For any given neural network architecture a permutation of weights and biases results in the same functional network. This implies that optimization algorithms used to 'train' or 'learn' the network are faced with a very large number (in the millions even for small networks) of equivalent optimal solutions in the parameter space. To the best of our knowledge, this observation is absent in the literature. In order to narrow down the parameter search space, a novel technique is introduced in order to fix the bias vector configurations to be monotonically increasing. This is achieved by augmenting a typical learning problem with inequality constraints on the bias vectors in each layer. A MoreauYosida regularization based algorithm is proposed to handle these inequality constraints and a theoretical convergence of this algorithm is established. Applications of the proposed approach to standard trigonometric functions and more challenging stiff ordinary differential equations arising in chemically reacting flows clearly illustrate the benefits of the proposed approach. Further application of the approach on the MNIST dataset within TensorFlow, illustrate that the presented approach can be incorporated in any of the existing machine learning libraries.
Debiasing Distributed Second Order Optimization with Surrogate Sketching and Scaled Regularization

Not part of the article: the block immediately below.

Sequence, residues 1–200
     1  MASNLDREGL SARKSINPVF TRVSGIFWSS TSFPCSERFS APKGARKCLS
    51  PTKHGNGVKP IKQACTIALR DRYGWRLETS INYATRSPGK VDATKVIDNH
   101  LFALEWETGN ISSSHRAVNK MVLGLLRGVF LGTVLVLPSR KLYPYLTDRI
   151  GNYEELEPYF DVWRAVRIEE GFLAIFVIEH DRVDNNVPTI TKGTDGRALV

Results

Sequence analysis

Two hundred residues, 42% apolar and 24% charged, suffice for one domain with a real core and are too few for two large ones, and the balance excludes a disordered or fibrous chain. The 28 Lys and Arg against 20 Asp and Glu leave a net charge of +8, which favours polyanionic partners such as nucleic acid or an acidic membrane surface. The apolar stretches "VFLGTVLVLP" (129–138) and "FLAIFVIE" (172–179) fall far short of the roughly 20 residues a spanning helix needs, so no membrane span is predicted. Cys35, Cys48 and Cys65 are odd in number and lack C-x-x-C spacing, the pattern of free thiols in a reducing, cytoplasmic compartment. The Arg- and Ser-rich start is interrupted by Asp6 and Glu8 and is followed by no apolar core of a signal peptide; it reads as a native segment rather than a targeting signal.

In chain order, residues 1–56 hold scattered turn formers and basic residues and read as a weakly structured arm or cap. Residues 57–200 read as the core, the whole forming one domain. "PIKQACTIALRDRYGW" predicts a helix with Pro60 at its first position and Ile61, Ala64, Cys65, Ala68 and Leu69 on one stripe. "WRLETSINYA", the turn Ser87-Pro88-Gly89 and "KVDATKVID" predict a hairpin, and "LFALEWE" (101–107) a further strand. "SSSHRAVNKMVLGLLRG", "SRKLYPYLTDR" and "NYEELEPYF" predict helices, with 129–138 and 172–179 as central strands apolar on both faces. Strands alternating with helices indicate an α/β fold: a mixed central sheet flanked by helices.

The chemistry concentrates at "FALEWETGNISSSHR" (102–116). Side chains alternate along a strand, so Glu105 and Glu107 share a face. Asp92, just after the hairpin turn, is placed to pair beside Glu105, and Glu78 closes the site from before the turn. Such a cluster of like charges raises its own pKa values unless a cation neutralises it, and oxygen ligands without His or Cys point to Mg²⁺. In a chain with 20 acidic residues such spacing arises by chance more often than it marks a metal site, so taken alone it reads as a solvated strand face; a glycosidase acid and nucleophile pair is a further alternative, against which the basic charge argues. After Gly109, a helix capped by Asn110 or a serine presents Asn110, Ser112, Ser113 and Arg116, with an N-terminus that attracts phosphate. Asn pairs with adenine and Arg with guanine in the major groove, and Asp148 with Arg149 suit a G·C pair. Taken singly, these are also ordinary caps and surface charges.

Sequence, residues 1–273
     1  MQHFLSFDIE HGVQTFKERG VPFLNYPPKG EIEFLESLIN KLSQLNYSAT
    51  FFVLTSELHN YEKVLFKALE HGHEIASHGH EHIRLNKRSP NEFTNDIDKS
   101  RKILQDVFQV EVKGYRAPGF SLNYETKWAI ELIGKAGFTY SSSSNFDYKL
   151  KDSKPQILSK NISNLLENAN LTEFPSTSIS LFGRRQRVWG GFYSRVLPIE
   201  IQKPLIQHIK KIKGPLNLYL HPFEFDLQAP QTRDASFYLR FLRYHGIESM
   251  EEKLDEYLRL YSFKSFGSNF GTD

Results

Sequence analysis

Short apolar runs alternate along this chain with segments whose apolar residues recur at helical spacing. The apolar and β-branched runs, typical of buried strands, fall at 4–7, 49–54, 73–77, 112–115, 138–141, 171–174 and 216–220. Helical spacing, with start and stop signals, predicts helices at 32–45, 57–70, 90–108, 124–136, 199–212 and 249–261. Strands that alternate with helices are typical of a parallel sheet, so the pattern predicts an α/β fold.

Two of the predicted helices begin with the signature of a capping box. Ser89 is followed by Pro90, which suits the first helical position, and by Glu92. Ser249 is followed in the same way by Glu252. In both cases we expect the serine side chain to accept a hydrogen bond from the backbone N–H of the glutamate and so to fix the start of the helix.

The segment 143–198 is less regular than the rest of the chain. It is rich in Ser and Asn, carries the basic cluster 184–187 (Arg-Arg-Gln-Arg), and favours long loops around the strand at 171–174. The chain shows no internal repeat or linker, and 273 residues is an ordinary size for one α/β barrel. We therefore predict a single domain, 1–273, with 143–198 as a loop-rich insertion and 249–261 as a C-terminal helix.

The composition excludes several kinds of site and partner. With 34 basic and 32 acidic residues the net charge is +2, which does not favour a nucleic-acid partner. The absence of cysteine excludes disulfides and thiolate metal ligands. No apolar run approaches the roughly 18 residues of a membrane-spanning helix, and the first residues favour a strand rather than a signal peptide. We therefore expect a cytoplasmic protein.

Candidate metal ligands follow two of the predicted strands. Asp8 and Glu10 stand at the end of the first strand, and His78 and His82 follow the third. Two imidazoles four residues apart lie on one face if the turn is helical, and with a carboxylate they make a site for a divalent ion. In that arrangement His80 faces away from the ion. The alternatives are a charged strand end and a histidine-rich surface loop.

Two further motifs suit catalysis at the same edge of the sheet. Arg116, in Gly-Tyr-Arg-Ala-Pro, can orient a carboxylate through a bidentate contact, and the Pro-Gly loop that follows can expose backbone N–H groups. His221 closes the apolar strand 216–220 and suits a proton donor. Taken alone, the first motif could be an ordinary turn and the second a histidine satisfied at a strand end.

In distributed second order optimization, a standard strategy is to average many
local estimates, each of which is based on a small sketch or batch of the data.
However, the local estimates on each machine are typically biased, relative to the
full solution on all of the data, and this can limit the effectiveness of averaging.
Here, we introduce a new technique for debiasing the local estimates, which
leads to both theoretical and empirical improvements in the convergence rate of
distributed second order methods. Our technique has two novel components: (1)
modifying standard sketching techniques to obtain what we call a surrogate sketch;
and (2) carefully scaling the global regularization parameter for local computations.
Our surrogate sketches are based on determinantal point processes, a family of
distributions for which the bias of an estimate of the inverse Hessian can be
computed exactly. Based on this computation, we show that when the objective
being minimized is l2regularized with parameter ! and individual machines are
each given a sketch of size m, then to eliminate the bias, local estimates should
be computed using a shrunk regularization parameter given by (See PDF),
where d(See PDF) is the (See PDF)effective dimension of the Hessian (or, for quadratic problems,
the data matrix).
 Award ID(s):
 1838179
 Publication Date:
 NSFPAR ID:
 10206897
 Journal Name:
 Conference on Neural Information Processing Systems
 Sponsoring Org:
 National Science Foundation
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